Opera Arias & Cantatas Import
The rich-voiced Alaskan mezzo Viovica Genaux's new CD is as dazzling as her Arias for Farinelli disc that appeared a while ago. Here she sings music of Hasse and Handel, two German composers who wrote in what, for the sake of creating an umbrella, can be called perfect pre-Italian bel canto style. Genaux sings two selections from Handel's Orlando---one wild with coloratura and the other the eponymous hero's moody, difficult mad scene---one from Alcina, and a cantata dating from 1711 that features fine writing for recorders. The lesser-known Hasse is represented by three arias from his opera Arminio and a cantata. Genaux leaps every hurdle the composers put in her way---seemingly endless runs, two-octave leaps, trills. Indeed, one is reminded more than once of Marilyn Horne, although Genaux's voice is prettier and not as grand. She can spin a long, quiet line with grace and breath to spare as well. Genaux's sound, like that of all great singers, is unique--in her case, her tone has a milky smoothness that sets her apart. This CD is for all admirers of truly great singing, and the rarities in the program give it extra value. Bernard Labadie leads the French-Canadian group Les Violons du Roy in performances that are rhythmically razor-sharp and thoroughly alive. --Robert Levine
To illustrate, I'll summarize what I heard from several of the cuts on this CD.
From Handel's "Orlando." First, "Fammi combattere mostri e tifei." Genaux demonstrates absolutely glorious coloratura technique here. She reveals a smooth, creamy mezzo voice, very agile. Her florid singing is solid and more than that in this fast paced aria. This is great fun if you enjoy florid singing. She demonstrates nice trill technique, too. She does not have a huge voice, but it is rich and nimble.
Another piece from "Orlando" is "Ah! Stigie larve. . .Vaghe pupille." There is an interesting instrumental opening. Then, Genaux's voice. The opening is rather slow in tempo, but serves as a vehicle to demonstrate her rich voice in non-florid singing technique. And she shows some dramatic presence, as far as I can tell.
With "Vaghe pupille," she begins to deploy embellishments, thought the pace remains somewhat mannered. Trills are fine (I regret that so few contemporary singers who take on the coloratura repertoire are unable to trill, but that's just me). The final segment picks up the pace. More florid singing., attractively done.
Hasse's "Arminio." One work from this opera, "Ti lascio in ceppi avvinto." Genaux starts off with a well executed trill. She shows considerable vocal range, from dusky lower notes to smoothly sung higher notes. Much of the opening segment is at a rather slow pace, but it is nonetheless captivatingly sung. Genaux's voice is extremely nimble, able to negotiate well the challenges of this work. Another aria from this opera is "Se mia speranza sola." The latter half of this piece is quite animated in pace. Genaux deploys her coloratura technique very ably, with trills galore, runs, appoggiaturas, and other embellishments. Just terrific singing. She ranges from darker lower notes to shimmering higher notes toward the close. Very satisfying to listen to.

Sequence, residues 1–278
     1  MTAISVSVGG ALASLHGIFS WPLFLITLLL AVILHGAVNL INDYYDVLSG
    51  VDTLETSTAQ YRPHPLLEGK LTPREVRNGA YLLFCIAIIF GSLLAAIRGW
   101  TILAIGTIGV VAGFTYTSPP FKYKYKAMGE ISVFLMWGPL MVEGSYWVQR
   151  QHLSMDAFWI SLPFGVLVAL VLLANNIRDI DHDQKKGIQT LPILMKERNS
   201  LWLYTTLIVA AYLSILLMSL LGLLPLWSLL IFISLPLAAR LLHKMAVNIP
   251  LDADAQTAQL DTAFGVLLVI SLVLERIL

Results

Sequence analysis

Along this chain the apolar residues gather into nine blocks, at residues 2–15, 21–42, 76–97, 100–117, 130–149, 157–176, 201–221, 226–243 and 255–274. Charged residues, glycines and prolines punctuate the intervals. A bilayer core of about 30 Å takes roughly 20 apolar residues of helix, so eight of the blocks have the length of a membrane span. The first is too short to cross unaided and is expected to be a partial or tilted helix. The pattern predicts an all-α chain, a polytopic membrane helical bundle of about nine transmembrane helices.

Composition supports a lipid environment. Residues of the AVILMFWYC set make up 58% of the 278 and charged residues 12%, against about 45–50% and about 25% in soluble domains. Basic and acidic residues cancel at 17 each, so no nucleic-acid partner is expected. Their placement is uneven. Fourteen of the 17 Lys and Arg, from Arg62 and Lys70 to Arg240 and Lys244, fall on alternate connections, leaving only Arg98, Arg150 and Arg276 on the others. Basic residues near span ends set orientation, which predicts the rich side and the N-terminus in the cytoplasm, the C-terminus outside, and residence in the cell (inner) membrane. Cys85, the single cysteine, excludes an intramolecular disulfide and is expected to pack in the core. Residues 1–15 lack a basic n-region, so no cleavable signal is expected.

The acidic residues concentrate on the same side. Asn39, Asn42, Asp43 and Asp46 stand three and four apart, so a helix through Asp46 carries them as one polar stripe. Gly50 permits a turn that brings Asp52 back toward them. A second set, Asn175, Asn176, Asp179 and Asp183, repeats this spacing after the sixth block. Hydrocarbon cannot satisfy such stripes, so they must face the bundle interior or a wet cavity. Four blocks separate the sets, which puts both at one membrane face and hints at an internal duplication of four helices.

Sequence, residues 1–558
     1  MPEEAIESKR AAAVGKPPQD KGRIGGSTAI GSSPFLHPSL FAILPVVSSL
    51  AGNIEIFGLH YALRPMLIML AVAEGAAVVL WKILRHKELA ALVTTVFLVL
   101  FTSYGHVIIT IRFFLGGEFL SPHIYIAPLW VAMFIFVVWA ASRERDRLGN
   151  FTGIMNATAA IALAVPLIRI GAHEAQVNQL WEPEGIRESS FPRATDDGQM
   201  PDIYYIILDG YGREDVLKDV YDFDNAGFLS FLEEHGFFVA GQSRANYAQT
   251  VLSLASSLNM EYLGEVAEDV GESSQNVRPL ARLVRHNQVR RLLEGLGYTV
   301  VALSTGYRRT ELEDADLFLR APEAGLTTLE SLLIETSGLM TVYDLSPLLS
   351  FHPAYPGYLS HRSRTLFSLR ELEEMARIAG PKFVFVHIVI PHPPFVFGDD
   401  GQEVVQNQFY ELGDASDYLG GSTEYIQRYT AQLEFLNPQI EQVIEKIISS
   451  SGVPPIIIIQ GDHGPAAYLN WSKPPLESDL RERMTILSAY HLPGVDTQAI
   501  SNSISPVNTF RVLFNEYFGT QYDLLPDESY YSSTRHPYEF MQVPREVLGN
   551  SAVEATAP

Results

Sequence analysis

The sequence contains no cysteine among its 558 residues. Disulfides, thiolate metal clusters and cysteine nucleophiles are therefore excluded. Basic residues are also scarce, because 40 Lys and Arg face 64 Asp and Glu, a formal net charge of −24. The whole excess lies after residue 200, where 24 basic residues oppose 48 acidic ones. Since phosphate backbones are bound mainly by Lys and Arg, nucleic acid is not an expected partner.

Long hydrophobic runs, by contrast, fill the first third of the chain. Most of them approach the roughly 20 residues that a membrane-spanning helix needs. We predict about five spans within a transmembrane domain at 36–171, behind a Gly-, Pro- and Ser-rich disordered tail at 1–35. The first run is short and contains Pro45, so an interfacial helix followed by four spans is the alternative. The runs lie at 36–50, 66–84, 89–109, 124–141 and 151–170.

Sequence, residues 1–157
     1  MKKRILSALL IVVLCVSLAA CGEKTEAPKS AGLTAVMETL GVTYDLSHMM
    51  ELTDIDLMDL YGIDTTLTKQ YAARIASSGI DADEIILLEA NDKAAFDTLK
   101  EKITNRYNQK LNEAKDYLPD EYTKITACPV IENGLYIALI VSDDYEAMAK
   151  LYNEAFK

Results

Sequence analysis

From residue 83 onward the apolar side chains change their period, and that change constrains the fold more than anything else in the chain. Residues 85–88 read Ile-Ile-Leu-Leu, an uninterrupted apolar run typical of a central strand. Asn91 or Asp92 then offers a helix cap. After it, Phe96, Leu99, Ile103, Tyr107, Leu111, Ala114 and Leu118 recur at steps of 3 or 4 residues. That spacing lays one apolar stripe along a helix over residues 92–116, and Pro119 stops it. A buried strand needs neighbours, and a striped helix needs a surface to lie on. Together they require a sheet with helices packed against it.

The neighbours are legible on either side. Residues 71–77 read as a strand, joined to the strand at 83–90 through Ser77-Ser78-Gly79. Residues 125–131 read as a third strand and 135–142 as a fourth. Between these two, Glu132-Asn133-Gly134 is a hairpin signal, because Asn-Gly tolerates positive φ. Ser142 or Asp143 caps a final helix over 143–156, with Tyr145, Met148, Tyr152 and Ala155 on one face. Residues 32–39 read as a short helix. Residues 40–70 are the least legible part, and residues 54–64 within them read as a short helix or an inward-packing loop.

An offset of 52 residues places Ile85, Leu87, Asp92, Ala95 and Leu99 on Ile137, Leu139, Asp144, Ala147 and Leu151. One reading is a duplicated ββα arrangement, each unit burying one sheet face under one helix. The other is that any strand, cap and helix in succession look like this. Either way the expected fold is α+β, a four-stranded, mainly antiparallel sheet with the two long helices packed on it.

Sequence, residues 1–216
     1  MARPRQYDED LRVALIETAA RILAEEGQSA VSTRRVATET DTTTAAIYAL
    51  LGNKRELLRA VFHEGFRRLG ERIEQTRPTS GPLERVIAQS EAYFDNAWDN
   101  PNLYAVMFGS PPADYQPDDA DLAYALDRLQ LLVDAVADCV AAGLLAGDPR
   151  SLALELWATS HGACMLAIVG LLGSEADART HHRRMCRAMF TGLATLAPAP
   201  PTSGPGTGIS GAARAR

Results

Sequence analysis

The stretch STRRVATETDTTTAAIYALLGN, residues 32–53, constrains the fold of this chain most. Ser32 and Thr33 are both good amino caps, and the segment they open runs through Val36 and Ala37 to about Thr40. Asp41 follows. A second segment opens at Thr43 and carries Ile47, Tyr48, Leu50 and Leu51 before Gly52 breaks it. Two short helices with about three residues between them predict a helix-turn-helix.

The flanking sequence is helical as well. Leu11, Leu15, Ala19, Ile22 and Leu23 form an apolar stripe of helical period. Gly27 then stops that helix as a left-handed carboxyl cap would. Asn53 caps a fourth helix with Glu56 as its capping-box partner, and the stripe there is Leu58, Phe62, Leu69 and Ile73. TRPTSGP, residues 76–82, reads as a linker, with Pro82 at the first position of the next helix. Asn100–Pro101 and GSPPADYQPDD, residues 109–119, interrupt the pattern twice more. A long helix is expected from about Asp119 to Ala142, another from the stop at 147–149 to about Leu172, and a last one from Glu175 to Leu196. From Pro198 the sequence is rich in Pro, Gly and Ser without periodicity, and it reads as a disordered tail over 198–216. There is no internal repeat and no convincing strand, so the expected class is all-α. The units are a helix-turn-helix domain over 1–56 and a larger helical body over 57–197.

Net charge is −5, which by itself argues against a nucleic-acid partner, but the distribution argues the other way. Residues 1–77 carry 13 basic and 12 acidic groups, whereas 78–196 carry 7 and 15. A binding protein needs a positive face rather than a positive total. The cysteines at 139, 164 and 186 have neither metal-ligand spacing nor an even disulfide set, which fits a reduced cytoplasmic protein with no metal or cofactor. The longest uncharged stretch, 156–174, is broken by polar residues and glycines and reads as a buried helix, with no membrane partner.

This is the third CD of Genaux's that I have had the opportunity to listen to. I find her art absolutely compelling, and look forward listening to more of her work in the future. Highly recommended for those interested in mezzo sopranos attempting bel canto works.
Genaux's timbre has darkened a bit over her career. She is now a rich "manly" mezzo-soprano ( I mean that as praise) with a surprising clarino upper range in reserve. A voice like lustrous mahogany. Recital CDs are a major portion of every singer's marketing strategy these days; I usually prefer to hear such arias and recitativos in the context of the full operas, and I often find CDs such as this one "too much of a good thing". This time, however, as Mozart told the Emperor, there are just enough notes, not a note too many.
A side comment: Most 18th C opera lovers would have no hesitation in declaring that Handel was a 'better' composer than Johann Adolf Hasse. I've been adding a tiny bit of late to the rehabilitation of Hasse, but I'm obliged to say that the selections on this CD from handel's operas Orlando and Alcina are indisputably more 'exciting' than those from Hasse's Arminio and La Scusa. But there are no generalities to be drawn from this incidental comparison.
This CD belongs on the oft-visited shelf of my collection, alongside favorite recitals by Simone Kermes Colori D'amore, Philippe Jaroussky J.C. Bach: La Dolce Fiamma- Forgotten castrato arias, Sara Mingardo, Sara Mingardo-Vocal Music, Sandrine Piau Sandrine Piau - Handel Opera Seria, and Jill Feldman Pianger Di Dolcezza .
Her love of early music, coupled with vocal artistry make this collection a treasure for any